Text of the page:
“The United States doesn’t have a significant presence in the Pacific at all,” said Anna Powles, a senior lecturer in security studies at Massey University in New Zealand. “I’m always shocked that in Washington they think they have a significant presence when they just don’t.”

American officials point out that the United States does have big military bases in Guam, along with close ties to countries like the Marshall Islands. And in February, Antony J. Blinken became the first secretary of state in 36 years to visit Fiji, where he announced that the United States would reopen an embassy in the Solomon Islands and engage more on issues like illegal fishing and climate change.

Fiji’s acting prime minister at the time, Aiyaz Sayed-Khaiyum, called it an American return, and “a very strong philosophical commitment.” The question is whether it’s enough.

Mr. Blinken said last week that “China is the only country with both the intent to reshape the international order and, increasingly, the economic, diplomatic, military and technological power to do it.” He promised that the United States would “shape the strategic environment around Beijing to advance our vision for an open and inclusive international system.”

But that vision in this part of the world has been slow to arrive. The Biden administration took more than a year to release its Indo-Pacific strategy, which is light on specifics and heavy on gauzy phrases (“maximally favorable”) that mostly make sense in clubby gatherings of men in dark suits with flag lapel pins.

Even Republicans and Democrats in Congress who agree that something must be done to counter China have been squabbling for 15 months over a bill to make the United States more competitive — and it still would do little, if anything, for contested places like the Pacific.

The start-up embassy in the Solomons also looks less impressive on closer inspection. Replacing an embassy that closed in the 1990s during America’s post-Cold War withdrawal, the outpost will begin in leased office space with two U.S. staff members and five local hires.

Compared to China’s presence in the region, it is nowhere near an equivalent surge. In Fiji, for example, the Chinese Embassy is centrally located and well staffed with officials who speak better English than their predecessors and often appear in local news media.

The American Embassy, by contrast, sits on a hillside far from downtown Suva in a heavily fortified compound. It covers five nations (Fiji, Kiribati, Nauru, Tonga and Tuvalu), doesn’t have a full-time ambassador — President Biden nominated someone only last week — and is known for being understaffed.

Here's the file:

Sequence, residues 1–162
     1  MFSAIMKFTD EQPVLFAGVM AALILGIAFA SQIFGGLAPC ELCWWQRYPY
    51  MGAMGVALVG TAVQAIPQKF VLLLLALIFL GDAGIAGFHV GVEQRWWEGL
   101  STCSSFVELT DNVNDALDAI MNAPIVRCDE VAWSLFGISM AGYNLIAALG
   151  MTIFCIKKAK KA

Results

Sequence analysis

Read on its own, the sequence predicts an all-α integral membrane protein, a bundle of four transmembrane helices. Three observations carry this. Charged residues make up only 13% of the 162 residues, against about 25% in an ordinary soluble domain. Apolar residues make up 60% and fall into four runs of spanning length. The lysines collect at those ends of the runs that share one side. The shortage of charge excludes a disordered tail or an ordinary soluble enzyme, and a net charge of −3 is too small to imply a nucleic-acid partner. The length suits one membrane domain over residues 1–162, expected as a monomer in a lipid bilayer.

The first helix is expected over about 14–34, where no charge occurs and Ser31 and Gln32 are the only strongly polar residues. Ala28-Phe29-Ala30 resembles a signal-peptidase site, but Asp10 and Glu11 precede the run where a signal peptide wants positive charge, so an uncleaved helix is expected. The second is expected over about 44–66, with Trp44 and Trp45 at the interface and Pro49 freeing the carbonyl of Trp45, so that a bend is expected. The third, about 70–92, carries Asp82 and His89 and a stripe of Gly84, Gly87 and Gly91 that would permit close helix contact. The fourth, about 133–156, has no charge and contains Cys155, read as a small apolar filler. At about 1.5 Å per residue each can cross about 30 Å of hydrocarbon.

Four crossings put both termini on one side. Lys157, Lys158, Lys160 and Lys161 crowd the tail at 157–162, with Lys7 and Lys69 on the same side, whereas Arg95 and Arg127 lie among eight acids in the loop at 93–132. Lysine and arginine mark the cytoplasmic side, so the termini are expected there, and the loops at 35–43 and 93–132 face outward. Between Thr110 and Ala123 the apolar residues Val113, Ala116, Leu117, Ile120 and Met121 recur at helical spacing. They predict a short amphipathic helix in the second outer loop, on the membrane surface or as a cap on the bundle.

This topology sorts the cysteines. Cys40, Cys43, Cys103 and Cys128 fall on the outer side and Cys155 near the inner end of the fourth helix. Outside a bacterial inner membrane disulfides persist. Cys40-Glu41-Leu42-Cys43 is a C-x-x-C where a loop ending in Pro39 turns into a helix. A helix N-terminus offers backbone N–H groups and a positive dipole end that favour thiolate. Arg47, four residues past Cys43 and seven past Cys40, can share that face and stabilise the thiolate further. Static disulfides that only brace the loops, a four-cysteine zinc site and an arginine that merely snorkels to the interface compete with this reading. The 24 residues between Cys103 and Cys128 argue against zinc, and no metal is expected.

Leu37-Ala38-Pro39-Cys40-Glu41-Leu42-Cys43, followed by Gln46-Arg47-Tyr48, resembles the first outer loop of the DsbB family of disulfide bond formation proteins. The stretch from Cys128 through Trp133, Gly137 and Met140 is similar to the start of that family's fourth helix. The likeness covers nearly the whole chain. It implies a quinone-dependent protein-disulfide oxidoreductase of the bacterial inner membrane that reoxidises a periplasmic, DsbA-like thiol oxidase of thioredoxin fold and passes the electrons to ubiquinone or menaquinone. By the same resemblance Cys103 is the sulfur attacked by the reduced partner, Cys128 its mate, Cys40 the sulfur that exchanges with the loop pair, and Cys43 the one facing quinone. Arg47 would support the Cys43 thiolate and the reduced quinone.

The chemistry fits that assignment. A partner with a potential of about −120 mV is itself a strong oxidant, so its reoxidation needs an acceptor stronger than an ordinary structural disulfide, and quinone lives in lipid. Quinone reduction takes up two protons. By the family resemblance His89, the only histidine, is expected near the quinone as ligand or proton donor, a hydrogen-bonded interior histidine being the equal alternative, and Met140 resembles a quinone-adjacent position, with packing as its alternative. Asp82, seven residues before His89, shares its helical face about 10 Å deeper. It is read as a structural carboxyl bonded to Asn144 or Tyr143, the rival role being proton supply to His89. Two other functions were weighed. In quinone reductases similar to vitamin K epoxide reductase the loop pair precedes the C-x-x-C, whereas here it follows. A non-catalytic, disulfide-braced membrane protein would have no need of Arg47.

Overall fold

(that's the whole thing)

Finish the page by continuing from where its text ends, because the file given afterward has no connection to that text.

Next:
Joseph Veramu, a former U.N. consultant who runs Integrity Fiji, which focuses on values like transparency, said in an interview in Suva that he had invited U.S. embassy officials to events five or six times in recent years. Only once did someone come — without saying much, and refusing to allow photos.

“I guess they must be very busy,” he said.

Many Pacific Island nations do not welcome another age of great-power competition. As Matthew Wale, the opposition leader in the Solomons, said in a recent interview: “We don’t want to be the grass trampled over by the elephants.”

But what they do want, and what China seems better at providing right now, is consistent engagement and capacity building.

While the United States has shown off Coast Guard vessels it is using to police illegal fishing, China is planning to build maritime transportation hubs and high-tech law enforcement centers where Chinese officers can provide expertise and equipment.

While the United States, and its allies Australia and New Zealand, offers humanitarian aid — after the tsunami in Tonga, for instance — China is offering thousands of scholarships for vocational, diplomatic and disaster-response training, along with “cooperation in meteorological observation.”

“China has always maintained that big and small countries are all equals,” Mr. Xi, the Chinese leader, said in a written message to Pacific foreign ministers on Monday. “No matter how international circumstances fluctuate, China will always be a good friend.”

Pacific Island nations now find themselves deciding how much to trust or resist that friendship. Mr. Wang has yet to gain support for the most sensitive proposals, including collaboration on customs systems and other digital operations of government. In places like Suva, where Pentecostal churches blare praise music over thunderstorms, Chinese Communism may always be eyed warily.

But Monday’s gathering in Suva was Mr. Wang’s second meeting with Pacific Island leaders in the past eight months, and more are planned. Clearly, China intends to keep emphasizing that friendship means building stuff and offering promises of prosperity, while expecting news censorship, resource access and security opportunities in exchange.

The pressing question in this part of the world is: What does friendship mean to America?

Chris Buckley contributed reporting from Sydney, Australia.

NYT